An Unexpected Change in Plans
Our original plan was for a six-week trip walking west to east across most of Slovakia and returning back to our starting point by a more northerly route. Along the way, we would cross into both the Czech Republic and Poland and do a traverse through the High Tatras, the most significant range in the region. This is the first time we have abandoned a long walk prior to its completion for reasons other than illness or injury.
We spent a great deal of time mapping the route and researching resupply options, and we arrived in Slovakia well prepared for the trip. After a week of walking, we acknowledged to each other that this trip just was not suiting us. Our dissatisfaction was the sum of a lot of relatively minor issues.
The scenery was pleasant, but not outstanding or memorable. Most of the walking was in managed forests that had been planted in the last forty years or so. They were quite green and well established, but were essentially mono-cultures that after a while started to be too repetitive. Imagining spending much of the next five weeks in very similar habitat was not compelling. The High Tatras are a reported to be an attractive mountain range, but they were several weeks in our future and would take us only a few days to cross them and actually be in the high mountains.
We found the cultural landscape to be uninteresting. The agricultural fields were pleasing, but not novel. The small towns were generally tidy, but very dull architecturally. We found nothing that caught us by surprise, such as the artistic man-hole covers that delighted us every day in Japan. The few older buildings we passed were underwhelming. We have spent enough time walking in Europe that another typical old castle or fort or church is no longer fascinating. The food was adequate but not memorable.
We had precipitation for most of our first day and the rain turned to snow when we reached 1200 meters. The snow was sticking and we were soon walking though several inches of it. This was an unexpected and apparently quite late snowfall for the area. At 1300 meters elevation we started to encounter remnants of the previous winter’s snowpack. Although this was not a significant problem, later in the trip we would be hiking above 2000 meters and we were not prepared for extended walking on snow. Five days into our trip, a couple of English-speaking local hikers told us that several of the places on our route were still snow covered and were unlikely to melt out in the next couple of weeks. They told us that winter had been abnormally late that year.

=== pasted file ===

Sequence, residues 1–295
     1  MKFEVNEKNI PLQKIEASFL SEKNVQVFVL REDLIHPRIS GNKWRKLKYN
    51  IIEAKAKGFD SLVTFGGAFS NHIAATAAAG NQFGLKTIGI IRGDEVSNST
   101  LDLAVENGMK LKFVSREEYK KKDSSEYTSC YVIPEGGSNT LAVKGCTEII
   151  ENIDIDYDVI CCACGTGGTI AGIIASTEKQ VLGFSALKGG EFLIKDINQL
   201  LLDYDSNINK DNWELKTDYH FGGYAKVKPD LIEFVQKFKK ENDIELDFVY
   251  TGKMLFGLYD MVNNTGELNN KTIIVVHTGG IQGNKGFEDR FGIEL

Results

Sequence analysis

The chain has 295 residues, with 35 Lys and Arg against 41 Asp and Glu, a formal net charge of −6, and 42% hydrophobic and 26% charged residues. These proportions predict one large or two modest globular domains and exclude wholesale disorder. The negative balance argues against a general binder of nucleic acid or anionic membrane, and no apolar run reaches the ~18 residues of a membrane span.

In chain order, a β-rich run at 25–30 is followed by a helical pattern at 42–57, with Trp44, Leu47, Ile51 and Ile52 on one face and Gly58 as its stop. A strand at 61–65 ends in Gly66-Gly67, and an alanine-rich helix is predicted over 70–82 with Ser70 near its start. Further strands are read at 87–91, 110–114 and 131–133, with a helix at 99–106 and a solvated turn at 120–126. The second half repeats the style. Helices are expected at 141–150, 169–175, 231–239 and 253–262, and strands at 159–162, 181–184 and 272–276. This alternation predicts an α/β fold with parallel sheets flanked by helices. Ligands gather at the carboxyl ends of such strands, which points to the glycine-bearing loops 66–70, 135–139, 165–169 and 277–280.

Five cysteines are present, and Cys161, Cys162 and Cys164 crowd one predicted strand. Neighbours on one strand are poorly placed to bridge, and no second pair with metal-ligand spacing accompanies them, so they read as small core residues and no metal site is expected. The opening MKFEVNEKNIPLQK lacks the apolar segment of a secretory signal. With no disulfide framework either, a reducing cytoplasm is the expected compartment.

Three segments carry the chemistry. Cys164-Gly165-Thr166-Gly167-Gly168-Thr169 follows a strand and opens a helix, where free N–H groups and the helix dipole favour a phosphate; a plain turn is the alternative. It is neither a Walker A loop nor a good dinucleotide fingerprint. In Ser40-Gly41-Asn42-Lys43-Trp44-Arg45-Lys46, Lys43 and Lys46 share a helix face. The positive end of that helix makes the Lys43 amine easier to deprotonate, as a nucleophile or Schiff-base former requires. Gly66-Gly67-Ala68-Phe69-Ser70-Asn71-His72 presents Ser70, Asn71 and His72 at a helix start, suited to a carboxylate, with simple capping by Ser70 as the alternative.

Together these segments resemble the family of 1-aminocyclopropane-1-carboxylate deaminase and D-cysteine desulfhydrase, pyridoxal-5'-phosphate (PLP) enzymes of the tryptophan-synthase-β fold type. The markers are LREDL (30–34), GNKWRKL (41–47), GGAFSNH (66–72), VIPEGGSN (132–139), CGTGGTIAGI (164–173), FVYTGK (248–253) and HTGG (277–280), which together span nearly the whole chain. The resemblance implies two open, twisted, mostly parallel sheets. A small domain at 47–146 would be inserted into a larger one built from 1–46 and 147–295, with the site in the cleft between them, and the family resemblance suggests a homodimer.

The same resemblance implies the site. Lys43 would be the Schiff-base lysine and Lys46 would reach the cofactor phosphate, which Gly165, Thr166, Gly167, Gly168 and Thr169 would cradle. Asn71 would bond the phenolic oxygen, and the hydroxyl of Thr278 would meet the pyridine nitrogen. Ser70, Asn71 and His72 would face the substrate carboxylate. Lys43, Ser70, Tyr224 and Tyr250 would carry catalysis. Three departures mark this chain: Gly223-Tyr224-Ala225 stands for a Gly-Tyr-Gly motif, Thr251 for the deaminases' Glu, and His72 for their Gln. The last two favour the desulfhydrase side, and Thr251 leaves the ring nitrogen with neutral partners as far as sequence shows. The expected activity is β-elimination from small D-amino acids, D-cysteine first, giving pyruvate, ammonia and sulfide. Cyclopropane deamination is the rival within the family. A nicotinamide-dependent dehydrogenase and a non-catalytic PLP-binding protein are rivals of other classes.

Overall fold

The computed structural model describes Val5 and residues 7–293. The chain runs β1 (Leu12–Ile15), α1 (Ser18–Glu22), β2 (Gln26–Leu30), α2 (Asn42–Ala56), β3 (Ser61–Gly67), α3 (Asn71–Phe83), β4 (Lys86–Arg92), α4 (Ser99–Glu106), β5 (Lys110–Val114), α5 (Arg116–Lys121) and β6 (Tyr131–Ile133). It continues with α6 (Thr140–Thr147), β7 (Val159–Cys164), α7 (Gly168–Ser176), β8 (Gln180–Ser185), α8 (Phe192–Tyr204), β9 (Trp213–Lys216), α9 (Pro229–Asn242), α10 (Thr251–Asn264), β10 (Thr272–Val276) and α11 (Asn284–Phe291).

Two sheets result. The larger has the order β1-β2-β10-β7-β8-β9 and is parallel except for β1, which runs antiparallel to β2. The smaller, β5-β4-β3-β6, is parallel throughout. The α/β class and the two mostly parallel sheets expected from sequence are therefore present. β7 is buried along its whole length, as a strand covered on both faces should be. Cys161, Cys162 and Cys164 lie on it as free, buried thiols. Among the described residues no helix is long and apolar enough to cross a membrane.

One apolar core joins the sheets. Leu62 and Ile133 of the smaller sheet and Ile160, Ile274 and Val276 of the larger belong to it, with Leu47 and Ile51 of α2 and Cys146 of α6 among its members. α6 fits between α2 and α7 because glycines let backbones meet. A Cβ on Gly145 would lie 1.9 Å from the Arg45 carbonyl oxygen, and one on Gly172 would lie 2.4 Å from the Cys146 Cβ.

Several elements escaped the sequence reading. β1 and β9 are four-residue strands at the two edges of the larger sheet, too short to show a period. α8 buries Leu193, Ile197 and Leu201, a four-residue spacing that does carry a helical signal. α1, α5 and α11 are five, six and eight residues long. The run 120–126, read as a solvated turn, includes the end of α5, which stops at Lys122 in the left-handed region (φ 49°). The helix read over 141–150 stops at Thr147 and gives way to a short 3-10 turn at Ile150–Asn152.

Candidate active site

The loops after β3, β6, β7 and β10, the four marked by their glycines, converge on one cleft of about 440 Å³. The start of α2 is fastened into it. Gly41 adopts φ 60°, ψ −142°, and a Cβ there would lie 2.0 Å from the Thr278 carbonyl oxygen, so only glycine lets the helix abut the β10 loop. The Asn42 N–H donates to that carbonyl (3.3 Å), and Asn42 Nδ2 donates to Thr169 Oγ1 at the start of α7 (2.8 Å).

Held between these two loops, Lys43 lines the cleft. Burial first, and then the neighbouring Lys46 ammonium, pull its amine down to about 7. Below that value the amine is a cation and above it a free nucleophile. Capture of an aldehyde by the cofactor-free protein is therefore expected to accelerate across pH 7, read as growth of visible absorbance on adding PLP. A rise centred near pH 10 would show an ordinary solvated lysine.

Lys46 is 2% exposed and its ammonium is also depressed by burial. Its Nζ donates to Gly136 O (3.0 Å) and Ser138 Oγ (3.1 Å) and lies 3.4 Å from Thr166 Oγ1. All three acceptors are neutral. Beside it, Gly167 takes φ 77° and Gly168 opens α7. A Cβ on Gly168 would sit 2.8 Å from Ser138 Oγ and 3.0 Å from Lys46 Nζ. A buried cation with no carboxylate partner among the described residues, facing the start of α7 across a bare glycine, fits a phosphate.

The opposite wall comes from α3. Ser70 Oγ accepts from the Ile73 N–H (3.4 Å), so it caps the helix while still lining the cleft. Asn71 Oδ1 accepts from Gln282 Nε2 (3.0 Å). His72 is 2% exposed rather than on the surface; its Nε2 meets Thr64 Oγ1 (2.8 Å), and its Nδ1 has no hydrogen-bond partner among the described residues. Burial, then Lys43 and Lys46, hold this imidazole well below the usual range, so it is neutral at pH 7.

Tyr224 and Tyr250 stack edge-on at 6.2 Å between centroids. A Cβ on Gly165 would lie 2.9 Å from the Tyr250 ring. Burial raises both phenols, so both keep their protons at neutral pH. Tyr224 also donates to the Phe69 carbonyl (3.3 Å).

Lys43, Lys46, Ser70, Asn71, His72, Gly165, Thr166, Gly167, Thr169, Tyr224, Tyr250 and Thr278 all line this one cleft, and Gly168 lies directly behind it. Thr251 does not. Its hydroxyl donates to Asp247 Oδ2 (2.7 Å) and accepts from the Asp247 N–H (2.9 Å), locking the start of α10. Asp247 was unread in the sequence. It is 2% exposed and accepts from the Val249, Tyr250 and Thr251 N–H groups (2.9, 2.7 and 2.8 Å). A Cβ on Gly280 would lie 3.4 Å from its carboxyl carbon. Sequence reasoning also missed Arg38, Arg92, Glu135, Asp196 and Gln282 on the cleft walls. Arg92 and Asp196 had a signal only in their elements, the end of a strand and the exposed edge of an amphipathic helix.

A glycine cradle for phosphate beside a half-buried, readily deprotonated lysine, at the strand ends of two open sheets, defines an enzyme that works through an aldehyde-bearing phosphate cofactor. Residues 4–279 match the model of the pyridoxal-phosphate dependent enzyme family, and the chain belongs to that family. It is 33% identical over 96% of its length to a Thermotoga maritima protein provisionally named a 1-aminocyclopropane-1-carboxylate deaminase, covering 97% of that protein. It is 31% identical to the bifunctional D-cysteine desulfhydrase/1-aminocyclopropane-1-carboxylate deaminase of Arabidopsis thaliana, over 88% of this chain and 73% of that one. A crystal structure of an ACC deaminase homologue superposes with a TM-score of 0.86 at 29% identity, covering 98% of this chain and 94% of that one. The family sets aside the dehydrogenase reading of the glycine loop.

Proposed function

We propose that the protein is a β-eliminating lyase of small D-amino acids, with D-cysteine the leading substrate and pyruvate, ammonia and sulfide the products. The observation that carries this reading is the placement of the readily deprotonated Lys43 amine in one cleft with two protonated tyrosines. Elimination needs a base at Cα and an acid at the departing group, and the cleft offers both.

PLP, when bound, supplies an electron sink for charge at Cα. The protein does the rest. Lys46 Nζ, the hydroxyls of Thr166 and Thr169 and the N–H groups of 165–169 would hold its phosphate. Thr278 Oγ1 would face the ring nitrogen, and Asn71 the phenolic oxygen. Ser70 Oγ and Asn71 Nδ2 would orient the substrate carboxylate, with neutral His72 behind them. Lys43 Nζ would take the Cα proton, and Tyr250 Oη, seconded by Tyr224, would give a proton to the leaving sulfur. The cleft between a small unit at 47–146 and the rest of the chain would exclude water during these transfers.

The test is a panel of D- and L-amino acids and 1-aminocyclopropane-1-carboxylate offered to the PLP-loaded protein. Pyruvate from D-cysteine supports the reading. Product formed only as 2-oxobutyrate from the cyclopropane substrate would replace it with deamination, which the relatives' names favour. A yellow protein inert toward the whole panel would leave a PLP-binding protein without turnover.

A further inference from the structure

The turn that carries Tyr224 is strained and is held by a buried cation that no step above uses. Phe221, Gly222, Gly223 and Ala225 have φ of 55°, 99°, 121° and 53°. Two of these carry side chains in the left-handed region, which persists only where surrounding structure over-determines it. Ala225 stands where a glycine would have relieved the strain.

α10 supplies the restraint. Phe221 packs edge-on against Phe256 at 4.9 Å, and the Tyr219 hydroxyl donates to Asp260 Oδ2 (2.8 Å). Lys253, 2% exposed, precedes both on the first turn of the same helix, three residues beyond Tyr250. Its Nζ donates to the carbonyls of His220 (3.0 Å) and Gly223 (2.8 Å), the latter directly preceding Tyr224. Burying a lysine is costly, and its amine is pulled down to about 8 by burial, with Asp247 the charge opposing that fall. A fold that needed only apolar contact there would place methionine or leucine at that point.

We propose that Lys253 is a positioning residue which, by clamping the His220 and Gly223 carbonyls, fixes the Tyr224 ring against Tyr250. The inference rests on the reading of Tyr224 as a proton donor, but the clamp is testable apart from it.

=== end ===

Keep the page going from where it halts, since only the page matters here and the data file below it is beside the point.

For seven days, we had a lot of cloudy skies and daily intermittent light rain. This in itself would not normally deter us, after all, we have walked in Scotland, but the inclement weather contributed to our feeling that things seemed dull and grey.
Finally, we found the people to be generally very reserved. To be clear, nobody was ever deliberately rude, hostile, mean or otherwise unpleasant. We met some cheerful and friendly folks. However, most people were very uninterested in engaging with us in any way. We understand that there is a significant language barrier, but we had the same barrier in Turkey and Japan and never felt the lack of an ability to connect with the locals as we did in Slovakia. This was probably the most important factor in our decision to abandon the trip.
On our seventh day we arrived in Trenčín in good spirits but without much enthusiasm. We spent the night in a very friendly pension. As is our habit, we got up at dawn but we delayed our departure due to heavy rainfall. While waiting for a break in the rain, we studied the 10-day weather forecast and it predicted moderate to heavy rain every day. We independently came to the conclusion that the walk was not inspiring us and decided to abandon the route; it was not a controversial decision.